Much of Miller's writing reads like … an endless gush of reminiscence about personal acquaintances whom he knows well, but who are never introduced to the reader and are sometimes hardly credible. Some of them appear in full light, and are drawn in vivid detail, and then vanish for ever. Others fly into the story and out again in a few moments, like a bat in a night-lit garage. Neither Tropic of Cancer nor its sequel Tropic of Capricorn is a novel in any ordinary sense: that is, a story with a coherent plot developed in time, and a cast of characters interacting with one another. They are sections of a non-stop monologue going on in Miller's head. Basically, this monologue is like the gabble of [a] drunkard on [a] train, but with two important additions. One is that its style, its use of language, is marvelous. The other is that its subject matter rises far higher than that of the average monologist and also sinks far lower. Much of it consists of rhapsodic prose poems about Life, and Art, and Individuality, and the Horrors of the Modern World, and so forth: crabby, opinionated, half-educated, not very original but very forceful in the good old tradition of the village rebel and the street-corner atheist. Much of the rest is conversation so filthy that it is never heard outside prisons, barrack rooms, and the lowest slums: together with brilliantly vivid narratives of mean and degrading actions. It is often very funny, at least to men. Taken as a whole, it makes you detest and despise Henry Miller (or the fictional narrator, if there is a difference). You try to pity him, but you cannot. Not at first; less and less as the books proceed; perhaps not ever. He likes being despised, and telling despicable things about himself.
Henry Miller is a rhetorician. He knows that the exordium is important. His books and his separate chapters begin dramatically, pungently. Style, style, style: brushwork, the drive of the hand into the clay, the thrust of the lines of structure against one another, the movement of the phrase between keys and modes, the balance and rivalry of colors, the rise and fall and rhythm of an actor's voice—style is a chief aim of all good artists in all media. This Henry Miller has achieved: he is a wonderful stylist, and also (as represented by his fictional narrator) a filthy swine.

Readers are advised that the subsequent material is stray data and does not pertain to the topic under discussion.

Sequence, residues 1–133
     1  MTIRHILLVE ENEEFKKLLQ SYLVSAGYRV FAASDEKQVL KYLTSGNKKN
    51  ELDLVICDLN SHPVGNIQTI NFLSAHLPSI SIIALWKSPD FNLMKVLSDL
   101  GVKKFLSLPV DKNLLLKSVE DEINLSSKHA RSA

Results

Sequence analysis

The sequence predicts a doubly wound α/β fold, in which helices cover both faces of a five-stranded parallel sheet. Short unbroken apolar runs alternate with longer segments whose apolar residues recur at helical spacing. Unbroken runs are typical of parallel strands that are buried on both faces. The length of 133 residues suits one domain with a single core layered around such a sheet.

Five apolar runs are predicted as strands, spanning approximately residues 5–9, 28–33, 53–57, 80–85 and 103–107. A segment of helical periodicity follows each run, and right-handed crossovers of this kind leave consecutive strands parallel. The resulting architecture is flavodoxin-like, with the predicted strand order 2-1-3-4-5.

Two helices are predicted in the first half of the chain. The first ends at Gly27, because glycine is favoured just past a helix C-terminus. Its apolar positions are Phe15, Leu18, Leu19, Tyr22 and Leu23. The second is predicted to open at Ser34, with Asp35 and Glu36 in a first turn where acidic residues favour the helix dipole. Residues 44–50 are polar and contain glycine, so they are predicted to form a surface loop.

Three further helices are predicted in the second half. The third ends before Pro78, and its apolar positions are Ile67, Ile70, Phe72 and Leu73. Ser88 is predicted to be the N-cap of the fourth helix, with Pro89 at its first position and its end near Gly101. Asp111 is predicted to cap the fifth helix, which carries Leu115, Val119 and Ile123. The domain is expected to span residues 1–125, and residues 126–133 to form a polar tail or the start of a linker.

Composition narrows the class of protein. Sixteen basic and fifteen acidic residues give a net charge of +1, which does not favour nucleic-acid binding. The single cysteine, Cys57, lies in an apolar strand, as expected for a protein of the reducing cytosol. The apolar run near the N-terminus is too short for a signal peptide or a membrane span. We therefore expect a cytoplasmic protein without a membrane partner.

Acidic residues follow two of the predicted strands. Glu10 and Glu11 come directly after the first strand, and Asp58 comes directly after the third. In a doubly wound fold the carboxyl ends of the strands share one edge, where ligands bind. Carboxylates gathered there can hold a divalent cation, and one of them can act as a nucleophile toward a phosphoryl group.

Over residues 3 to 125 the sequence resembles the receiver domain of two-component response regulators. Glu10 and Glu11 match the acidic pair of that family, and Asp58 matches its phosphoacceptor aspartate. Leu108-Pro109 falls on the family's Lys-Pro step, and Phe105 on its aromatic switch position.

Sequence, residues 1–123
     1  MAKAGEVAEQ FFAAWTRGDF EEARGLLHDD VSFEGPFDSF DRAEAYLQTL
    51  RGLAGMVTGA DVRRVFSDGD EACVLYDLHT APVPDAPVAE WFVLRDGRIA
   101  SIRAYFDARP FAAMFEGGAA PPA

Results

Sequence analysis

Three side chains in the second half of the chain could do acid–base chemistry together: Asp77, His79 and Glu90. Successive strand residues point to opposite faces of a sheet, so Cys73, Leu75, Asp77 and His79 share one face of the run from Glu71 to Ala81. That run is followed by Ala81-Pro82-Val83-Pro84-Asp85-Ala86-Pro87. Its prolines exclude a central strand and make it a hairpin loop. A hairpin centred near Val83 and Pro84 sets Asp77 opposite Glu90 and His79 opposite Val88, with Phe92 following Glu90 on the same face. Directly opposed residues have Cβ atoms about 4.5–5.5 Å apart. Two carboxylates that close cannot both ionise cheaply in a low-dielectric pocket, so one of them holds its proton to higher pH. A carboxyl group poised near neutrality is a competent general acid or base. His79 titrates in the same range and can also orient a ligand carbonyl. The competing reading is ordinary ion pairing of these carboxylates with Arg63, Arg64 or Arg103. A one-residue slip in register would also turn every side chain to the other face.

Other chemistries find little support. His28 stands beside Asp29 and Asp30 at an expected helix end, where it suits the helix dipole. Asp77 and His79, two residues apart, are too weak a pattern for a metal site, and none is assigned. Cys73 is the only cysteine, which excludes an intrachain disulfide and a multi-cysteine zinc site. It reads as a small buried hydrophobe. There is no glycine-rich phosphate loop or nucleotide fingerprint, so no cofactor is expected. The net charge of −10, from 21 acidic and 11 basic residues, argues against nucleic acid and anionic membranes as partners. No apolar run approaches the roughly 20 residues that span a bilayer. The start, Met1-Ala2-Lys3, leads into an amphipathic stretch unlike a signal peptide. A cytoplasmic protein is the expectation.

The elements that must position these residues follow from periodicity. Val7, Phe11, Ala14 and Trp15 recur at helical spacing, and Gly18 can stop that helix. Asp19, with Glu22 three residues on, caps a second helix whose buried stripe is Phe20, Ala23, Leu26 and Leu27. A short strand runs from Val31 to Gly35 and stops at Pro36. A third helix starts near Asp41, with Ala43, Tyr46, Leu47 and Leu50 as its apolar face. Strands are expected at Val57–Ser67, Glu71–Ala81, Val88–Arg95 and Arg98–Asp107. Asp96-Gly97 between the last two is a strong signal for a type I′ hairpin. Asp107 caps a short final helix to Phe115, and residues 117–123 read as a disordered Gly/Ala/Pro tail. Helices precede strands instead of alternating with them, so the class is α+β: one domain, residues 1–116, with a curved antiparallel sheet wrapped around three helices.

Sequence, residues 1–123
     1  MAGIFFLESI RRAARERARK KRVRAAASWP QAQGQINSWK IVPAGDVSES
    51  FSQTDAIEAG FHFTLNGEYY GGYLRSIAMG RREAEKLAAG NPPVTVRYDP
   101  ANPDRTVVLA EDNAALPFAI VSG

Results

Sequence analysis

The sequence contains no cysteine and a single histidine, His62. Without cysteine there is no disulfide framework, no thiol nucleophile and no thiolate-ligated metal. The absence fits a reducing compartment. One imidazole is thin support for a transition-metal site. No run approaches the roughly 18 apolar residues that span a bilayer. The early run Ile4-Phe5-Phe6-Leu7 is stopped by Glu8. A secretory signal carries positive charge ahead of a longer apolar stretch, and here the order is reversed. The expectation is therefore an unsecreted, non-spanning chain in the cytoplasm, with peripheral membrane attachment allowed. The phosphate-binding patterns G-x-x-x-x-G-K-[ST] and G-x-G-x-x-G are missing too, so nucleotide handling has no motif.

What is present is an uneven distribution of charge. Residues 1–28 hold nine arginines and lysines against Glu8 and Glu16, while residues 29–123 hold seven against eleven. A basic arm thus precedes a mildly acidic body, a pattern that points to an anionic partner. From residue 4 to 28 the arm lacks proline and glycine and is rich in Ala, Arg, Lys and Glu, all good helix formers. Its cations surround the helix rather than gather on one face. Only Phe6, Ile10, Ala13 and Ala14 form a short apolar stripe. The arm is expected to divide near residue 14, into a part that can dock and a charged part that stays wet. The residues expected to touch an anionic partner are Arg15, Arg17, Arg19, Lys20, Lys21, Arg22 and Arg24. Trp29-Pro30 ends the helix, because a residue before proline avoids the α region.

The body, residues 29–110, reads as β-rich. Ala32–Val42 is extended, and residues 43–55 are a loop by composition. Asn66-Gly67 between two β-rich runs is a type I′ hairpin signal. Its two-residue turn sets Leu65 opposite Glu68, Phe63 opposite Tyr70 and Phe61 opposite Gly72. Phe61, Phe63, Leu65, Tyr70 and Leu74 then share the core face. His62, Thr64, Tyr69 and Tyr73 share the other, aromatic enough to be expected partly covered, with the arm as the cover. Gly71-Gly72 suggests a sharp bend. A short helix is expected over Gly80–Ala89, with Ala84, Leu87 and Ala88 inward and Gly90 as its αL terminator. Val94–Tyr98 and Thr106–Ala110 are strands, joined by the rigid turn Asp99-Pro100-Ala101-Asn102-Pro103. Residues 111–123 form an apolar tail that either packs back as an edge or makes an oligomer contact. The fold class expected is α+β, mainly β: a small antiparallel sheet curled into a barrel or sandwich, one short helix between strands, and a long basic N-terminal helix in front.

Spontaneous, his style appears to be. He writes prose which often seems to run quite naturally, like the flow of eager conversation or a rapidly written letter or the current of nonlogical ideas in one's own mind. If in the future he is remembered for anything more than his interest in low life, he will be recalled as an agile, often graceful, sometimes powerful manipulator of word and phrase and sentence and paragraph, and sometimes (although less often) of those larger units which are called chapters.
Gilbert Highet, "Miller's, 'Tropics'" (© 1971 by Gilbert Highet; reprinted by permission of Oxford University Press, Inc.), in his Explorations, Oxford University Press, 1971, pp. 209-15.
Though he disavows either a literary aim or a learned technique, [Henry] Miller belongs to the logorrheal tradition of Rabelais and Sterne…. He becomes a wordy bore only when he finds it necessary to prophesy; that great American disease we can call vatism is in him as it is in Dahlberg and even Mailer. When Miller starts talking about Love, not amour. I feel like giving him a few francs to go to a brothel….
Miller has spent a long industrious life grinding slow and exceeding fine, also coarse. He is a world literary figure, and it is proper to ask where—apart from the long-banned candor—his achievement lies. With whom shall we compare him—Lawrence? Joyce? Beckett? He is not as important as any of these because he has not created a world that is recognizably his own. He has not really created at all. He lacks architectonic skill, a making or shaping drive. He has had only one real subject—himself—and he has not been prepared, or endowed with the ability, to convert himself into a great fictional myth. Called a novelist by some, he has the novelist's ear and eye but not the novelist's power to create great separable artifacts. He has done what any man with his endowments and deficiencies is forced to do—produce autobiography that begs at the door of fiction.
Anthony Burgess, in New York Times Book Review (© 1972 by The New York Times Company; reprinted by permission), January 2, 1972, pp. 1, 10-11.